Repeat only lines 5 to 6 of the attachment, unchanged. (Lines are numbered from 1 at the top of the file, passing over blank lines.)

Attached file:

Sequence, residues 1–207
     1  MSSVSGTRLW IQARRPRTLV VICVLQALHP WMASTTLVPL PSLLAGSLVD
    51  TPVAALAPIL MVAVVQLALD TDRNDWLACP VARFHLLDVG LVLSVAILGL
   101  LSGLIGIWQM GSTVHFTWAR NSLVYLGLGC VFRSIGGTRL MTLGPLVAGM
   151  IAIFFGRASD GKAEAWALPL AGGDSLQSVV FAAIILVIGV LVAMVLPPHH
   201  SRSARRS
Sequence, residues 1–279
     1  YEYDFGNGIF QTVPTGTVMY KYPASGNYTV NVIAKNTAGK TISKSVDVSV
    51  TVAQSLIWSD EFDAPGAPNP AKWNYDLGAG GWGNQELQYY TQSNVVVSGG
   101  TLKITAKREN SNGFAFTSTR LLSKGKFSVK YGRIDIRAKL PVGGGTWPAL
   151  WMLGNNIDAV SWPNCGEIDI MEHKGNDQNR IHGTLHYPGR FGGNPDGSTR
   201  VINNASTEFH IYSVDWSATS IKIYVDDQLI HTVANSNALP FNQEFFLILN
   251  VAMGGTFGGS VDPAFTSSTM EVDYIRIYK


   151  IAIFFGRASD GKAEAWALPL AGGDSLQSVV FAAIILVIGV LVAMVLPPHH
   201  SRSARRS